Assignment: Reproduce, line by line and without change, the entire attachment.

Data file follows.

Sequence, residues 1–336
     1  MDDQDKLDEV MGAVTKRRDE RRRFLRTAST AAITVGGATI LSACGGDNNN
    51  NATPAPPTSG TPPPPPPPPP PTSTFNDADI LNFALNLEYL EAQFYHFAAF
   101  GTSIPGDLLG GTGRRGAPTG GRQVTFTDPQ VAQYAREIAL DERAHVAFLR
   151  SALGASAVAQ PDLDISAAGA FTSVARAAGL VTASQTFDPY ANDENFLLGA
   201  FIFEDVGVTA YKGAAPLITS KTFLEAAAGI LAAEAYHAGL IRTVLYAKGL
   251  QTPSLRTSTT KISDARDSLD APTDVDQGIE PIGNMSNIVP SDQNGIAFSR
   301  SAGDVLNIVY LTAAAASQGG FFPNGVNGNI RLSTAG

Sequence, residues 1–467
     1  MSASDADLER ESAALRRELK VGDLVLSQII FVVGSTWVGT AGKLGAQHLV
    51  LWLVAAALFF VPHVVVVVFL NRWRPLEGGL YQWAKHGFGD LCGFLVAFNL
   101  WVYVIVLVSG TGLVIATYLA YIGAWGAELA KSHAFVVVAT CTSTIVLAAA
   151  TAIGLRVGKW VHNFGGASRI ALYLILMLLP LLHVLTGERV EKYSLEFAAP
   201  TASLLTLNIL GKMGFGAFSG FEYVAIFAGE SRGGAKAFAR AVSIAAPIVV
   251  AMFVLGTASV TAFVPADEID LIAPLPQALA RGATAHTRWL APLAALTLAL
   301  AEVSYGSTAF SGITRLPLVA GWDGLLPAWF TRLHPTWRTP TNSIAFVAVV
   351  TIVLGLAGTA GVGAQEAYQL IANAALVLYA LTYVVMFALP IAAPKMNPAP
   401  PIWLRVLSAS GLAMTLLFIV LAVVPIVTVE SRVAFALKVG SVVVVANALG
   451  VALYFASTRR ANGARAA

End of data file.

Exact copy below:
Sequence, residues 1–336
     1  MDDQDKLDEV MGAVTKRRDE RRRFLRTAST AAITVGGATI LSACGGDNNN
    51  NATPAPPTSG TPPPPPPPPP PTSTFNDADI LNFALNLEYL EAQFYHFAAF
   101  GTSIPGDLLG GTGRRGAPTG GRQVTFTDPQ VAQYAREIAL DERAHVAFLR
   151  SALGASAVAQ PDLDISAAGA FTSVARAAGL VTASQTFDPY ANDENFLLGA
   201  FIFEDVGVTA YKGAAPLITS KTFLEAAAGI LAAEAYHAGL IRTVLYAKGL
   251  QTPSLRTSTT KISDARDSLD APTDVDQGIE PIGNMSNIVP SDQNGIAFSR
   301  SAGDVLNIVY LTAAAASQGG FFPNGVNGNI RLSTAG

Sequence, residues 1–467
     1  MSASDADLER ESAALRRELK VGDLVLSQII FVVGSTWVGT AGKLGAQHLV
    51  LWLVAAALFF VPHVVVVVFL NRWRPLEGGL YQWAKHGFGD LCGFLVAFNL
   101  WVYVIVLVSG TGLVIATYLA YIGAWGAELA KSHAFVVVAT CTSTIVLAAA
   151  TAIGLRVGKW VHNFGGASRI ALYLILMLLP LLHVLTGERV EKYSLEFAAP
   201  TASLLTLNIL GKMGFGAFSG FEYVAIFAGE SRGGAKAFAR AVSIAAPIVV
   251  AMFVLGTASV TAFVPADEID LIAPLPQALA RGATAHTRWL APLAALTLAL
   301  AEVSYGSTAF SGITRLPLVA GWDGLLPAWF TRLHPTWRTP TNSIAFVAVV
   351  TIVLGLAGTA GVGAQEAYQL IANAALVLYA LTYVVMFALP IAAPKMNPAP
   401  PIWLRVLSAS GLAMTLLFIV LAVVPIVTVE SRVAFALKVG SVVVVANALG
   451  VALYFASTRR ANGARAA